A group of 28 Alabama public school teachers recently completed a biotechnology workshop at Tuskegee University organized and presented by UW-Madison horticulture professors Patrick Krysan and Jim Nienhuis, and UW-Madison graduate students Gabriella Ronquillo and Amber Robertson. At the workshop, teachers learned to use a cutting-edge scientific tool called a microarray chip – or gene chip – to identify plant genes associated with photosynthesis.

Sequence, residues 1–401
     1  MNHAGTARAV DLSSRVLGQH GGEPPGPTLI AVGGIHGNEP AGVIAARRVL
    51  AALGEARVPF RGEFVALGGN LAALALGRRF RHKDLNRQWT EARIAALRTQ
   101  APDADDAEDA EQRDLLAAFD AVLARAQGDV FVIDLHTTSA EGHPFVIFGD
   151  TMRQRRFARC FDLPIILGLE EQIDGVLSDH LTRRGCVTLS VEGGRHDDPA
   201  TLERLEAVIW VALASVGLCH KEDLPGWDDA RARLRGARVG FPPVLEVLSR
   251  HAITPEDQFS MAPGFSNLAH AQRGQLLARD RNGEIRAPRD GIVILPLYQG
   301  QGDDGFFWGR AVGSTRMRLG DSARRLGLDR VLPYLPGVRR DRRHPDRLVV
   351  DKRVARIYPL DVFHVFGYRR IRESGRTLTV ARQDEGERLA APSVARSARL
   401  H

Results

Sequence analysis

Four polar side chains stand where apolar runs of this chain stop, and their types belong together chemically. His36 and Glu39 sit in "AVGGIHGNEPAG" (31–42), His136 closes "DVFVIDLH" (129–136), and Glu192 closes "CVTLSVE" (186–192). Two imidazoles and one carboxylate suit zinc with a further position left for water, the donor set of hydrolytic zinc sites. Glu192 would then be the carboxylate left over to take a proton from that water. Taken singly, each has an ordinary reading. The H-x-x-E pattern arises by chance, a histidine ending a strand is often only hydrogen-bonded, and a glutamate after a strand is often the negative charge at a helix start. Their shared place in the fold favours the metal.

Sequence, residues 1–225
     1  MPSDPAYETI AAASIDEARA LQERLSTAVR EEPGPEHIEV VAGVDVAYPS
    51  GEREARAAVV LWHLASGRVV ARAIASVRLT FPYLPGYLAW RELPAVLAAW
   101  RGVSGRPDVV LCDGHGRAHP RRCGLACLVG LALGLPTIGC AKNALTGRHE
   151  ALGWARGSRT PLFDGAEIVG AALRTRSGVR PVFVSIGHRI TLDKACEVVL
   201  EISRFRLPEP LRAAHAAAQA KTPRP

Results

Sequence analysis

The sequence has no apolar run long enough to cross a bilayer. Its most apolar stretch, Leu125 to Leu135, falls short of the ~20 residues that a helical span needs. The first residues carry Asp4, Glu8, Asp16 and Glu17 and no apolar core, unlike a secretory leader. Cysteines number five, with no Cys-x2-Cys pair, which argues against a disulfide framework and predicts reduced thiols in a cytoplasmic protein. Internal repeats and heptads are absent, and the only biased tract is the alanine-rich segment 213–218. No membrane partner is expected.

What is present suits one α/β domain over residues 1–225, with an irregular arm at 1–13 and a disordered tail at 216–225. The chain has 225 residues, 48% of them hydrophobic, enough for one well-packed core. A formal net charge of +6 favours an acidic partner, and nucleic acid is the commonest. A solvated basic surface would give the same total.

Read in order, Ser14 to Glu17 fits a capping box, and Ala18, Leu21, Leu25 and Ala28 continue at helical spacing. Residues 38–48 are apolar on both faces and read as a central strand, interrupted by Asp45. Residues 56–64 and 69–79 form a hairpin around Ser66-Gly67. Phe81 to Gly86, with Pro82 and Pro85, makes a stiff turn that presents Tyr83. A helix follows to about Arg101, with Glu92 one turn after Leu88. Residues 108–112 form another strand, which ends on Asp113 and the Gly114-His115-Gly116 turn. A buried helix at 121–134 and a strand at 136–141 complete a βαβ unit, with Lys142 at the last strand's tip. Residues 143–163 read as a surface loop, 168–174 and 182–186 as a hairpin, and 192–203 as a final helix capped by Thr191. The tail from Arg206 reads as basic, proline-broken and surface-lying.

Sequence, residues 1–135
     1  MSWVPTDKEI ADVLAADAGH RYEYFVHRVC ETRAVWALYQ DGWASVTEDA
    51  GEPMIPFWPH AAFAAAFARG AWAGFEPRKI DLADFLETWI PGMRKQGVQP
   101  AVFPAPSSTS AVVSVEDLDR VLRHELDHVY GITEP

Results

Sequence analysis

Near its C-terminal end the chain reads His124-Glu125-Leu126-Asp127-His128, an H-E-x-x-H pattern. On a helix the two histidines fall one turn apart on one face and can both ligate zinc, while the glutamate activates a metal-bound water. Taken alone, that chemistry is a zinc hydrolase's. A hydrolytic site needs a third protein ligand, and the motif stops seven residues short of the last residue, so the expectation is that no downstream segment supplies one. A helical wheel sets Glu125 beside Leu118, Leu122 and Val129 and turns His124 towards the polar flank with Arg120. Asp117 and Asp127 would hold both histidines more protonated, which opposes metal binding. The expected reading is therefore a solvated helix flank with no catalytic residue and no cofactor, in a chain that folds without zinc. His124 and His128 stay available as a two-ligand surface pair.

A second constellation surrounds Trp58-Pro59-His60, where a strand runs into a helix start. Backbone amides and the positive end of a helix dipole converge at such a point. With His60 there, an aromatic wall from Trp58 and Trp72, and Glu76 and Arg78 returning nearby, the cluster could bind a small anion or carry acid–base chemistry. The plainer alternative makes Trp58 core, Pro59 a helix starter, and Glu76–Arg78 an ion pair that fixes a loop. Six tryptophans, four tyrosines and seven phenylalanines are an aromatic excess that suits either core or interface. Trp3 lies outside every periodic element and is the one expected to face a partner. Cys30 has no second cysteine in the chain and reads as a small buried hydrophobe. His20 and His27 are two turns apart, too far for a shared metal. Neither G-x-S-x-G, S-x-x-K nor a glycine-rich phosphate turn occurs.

The teachers used Arabidopsis plants grown in the light and the dark in conjunction with a simplified microarray chip developed by Betsy Barnard, a recent graduate of the horticulture department (M.S. 2005), to find the critical genes. Many of the 28 Alabama teachers who participated in the workshop will use the UW-made gene chip in their K-12 classrooms in Alabama next year to introduce students to genomics technology. The low-cost gene chip was specifically designed to engage students in the hands-on process of gene identification using genomics.